Sometimes, you’ll come across web services and APIs that will require you to send JSON via a POST request.
$url = 'http://example.com/api/JSON/create';
$ch = curl_init($url);
//The JSON data.
$jsonData = array(
'username' => 'MyUsername',
'password' => 'MyPassword'
//Encode the array into JSON.
$jsonDataEncoded = json_encode($jsonData);
//Tell cURL that we want to send a POST request.
curl_setopt($ch, CURLOPT_POST, 1);
//Attach our encoded JSON string to the POST fields.
curl_setopt($ch, CURLOPT_POSTFIELDS, $jsonDataEncoded);
//Set the content type to application/json
curl_setopt($ch, CURLOPT_HTTPHEADER, array('Content-Type: application/json'));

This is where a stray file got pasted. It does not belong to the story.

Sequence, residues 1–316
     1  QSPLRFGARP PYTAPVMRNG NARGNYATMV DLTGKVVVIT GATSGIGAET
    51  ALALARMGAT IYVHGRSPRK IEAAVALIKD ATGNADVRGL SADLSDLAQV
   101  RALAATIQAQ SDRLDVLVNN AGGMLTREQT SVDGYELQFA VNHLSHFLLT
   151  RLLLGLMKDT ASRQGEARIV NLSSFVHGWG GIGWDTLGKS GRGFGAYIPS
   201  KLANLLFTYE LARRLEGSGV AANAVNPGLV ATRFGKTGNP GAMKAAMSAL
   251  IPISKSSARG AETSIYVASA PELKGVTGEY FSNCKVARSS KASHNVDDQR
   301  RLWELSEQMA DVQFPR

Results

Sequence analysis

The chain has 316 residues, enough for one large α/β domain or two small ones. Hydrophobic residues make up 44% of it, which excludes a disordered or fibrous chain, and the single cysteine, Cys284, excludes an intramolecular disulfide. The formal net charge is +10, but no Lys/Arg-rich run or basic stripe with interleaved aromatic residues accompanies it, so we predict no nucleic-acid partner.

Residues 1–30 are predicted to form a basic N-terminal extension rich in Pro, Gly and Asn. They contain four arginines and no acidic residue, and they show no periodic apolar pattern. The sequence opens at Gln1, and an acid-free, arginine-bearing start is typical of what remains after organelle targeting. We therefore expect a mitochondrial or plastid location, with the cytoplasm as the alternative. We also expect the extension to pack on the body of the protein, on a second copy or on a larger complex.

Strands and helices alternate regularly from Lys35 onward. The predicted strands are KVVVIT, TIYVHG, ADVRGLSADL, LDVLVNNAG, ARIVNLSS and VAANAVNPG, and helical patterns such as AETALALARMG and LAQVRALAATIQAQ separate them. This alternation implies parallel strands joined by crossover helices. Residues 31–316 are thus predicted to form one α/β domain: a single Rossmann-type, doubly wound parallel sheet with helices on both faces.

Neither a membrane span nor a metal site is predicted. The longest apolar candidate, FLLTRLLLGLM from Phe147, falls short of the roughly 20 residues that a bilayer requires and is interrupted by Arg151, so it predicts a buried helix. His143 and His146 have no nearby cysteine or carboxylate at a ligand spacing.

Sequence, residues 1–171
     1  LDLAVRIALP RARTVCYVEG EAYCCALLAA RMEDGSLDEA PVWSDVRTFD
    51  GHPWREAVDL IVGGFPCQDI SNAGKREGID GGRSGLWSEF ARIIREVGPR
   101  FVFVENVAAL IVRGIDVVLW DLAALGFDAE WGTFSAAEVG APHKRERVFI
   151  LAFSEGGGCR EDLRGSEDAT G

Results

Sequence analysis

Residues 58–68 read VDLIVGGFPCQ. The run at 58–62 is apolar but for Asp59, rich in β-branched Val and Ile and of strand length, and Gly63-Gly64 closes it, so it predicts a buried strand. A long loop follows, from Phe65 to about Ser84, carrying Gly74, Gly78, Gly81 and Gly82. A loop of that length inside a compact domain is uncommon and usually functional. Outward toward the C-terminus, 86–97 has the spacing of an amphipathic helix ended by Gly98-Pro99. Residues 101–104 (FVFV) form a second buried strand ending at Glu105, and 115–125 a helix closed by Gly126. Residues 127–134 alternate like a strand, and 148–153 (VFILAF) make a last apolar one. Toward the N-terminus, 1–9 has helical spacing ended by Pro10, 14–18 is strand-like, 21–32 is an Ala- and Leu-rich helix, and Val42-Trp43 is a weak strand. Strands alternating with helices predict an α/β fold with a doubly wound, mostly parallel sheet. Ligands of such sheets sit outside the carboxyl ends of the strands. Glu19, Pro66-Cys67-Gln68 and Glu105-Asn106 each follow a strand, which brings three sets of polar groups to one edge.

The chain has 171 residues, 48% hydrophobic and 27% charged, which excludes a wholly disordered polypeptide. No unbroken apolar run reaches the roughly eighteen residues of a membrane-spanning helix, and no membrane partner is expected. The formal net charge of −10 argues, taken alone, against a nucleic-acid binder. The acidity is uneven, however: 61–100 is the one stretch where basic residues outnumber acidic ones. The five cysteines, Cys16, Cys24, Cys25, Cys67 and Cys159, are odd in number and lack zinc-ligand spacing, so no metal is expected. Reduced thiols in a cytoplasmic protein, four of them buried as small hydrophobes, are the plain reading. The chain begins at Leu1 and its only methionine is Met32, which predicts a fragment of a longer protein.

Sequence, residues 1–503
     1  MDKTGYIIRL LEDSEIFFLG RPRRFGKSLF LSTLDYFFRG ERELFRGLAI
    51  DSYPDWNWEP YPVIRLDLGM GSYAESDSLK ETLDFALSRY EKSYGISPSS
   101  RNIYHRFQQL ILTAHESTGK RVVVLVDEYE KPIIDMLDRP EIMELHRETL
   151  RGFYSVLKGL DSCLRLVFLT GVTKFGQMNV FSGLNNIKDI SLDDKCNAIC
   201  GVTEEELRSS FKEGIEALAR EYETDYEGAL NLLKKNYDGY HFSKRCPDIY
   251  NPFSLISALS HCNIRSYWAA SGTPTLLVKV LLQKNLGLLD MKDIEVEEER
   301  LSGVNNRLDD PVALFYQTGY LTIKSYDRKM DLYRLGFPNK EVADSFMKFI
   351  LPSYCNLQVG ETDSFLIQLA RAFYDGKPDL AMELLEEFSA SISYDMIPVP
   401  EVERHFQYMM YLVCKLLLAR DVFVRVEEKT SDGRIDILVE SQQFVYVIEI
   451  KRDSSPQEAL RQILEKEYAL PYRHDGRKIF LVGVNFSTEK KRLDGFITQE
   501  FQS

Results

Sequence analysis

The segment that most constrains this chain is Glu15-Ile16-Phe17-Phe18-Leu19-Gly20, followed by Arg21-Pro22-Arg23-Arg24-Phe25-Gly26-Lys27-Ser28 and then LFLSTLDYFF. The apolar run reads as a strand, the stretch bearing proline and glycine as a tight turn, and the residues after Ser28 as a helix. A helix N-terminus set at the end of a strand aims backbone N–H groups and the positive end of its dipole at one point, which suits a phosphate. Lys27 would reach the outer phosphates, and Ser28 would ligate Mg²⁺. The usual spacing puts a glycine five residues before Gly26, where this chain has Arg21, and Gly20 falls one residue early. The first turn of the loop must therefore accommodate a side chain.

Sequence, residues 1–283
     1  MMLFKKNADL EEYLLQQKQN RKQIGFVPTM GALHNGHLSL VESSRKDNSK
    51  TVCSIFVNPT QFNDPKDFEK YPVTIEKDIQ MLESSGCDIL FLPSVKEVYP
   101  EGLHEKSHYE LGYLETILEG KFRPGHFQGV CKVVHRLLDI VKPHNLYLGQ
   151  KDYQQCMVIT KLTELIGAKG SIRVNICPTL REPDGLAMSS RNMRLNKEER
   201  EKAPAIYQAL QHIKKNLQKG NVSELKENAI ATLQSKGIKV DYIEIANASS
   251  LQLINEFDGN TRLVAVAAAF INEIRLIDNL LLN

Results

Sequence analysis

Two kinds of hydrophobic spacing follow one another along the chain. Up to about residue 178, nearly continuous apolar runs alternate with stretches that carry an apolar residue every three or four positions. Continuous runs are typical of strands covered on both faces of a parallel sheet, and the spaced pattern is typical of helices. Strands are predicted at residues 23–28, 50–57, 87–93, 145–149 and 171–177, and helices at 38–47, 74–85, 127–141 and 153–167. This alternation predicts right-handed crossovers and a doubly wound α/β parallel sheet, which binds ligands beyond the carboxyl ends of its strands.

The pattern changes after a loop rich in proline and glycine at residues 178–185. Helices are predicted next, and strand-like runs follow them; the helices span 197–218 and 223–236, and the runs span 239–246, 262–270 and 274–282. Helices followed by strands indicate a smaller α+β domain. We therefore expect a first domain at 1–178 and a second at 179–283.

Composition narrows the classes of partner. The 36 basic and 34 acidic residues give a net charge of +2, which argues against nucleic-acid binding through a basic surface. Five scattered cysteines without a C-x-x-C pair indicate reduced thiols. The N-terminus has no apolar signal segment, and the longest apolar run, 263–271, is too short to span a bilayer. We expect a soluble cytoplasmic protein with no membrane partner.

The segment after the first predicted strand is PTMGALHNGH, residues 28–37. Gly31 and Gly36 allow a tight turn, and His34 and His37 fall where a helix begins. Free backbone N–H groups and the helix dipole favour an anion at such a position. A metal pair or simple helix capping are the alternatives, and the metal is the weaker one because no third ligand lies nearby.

//Execute the request
$result = curl_exec($ch);
Step by step explanation of the above code:
- We setup the URL that we want to send our JSON to.
- We initiated cURL using curl_init.
- We setup a PHP array containing sample data.
- We encoded our PHP array into a JSON string by using the function json_encode.
- We specified that we were sending a POST request by setting the CURLOPT_POST option to 1.
- We attached our JSON data using the CURLOPT_POSTFIELDS option.
- We set the content-type of our request to application/json using the CURLOPT_HTTPHEADER option. It is extremely important to note that you should always use “application/json”, not “text/json”. Simply put, using “text/json” is incorrect!
- Finally, we used the function curl_exec to execute our POST request. If you want to check for errors at this stage, then you should check out my article on error handling with cURL.
As you can see, it’s not much different than sending a regular POST request. In fact, it’s actually pretty simple.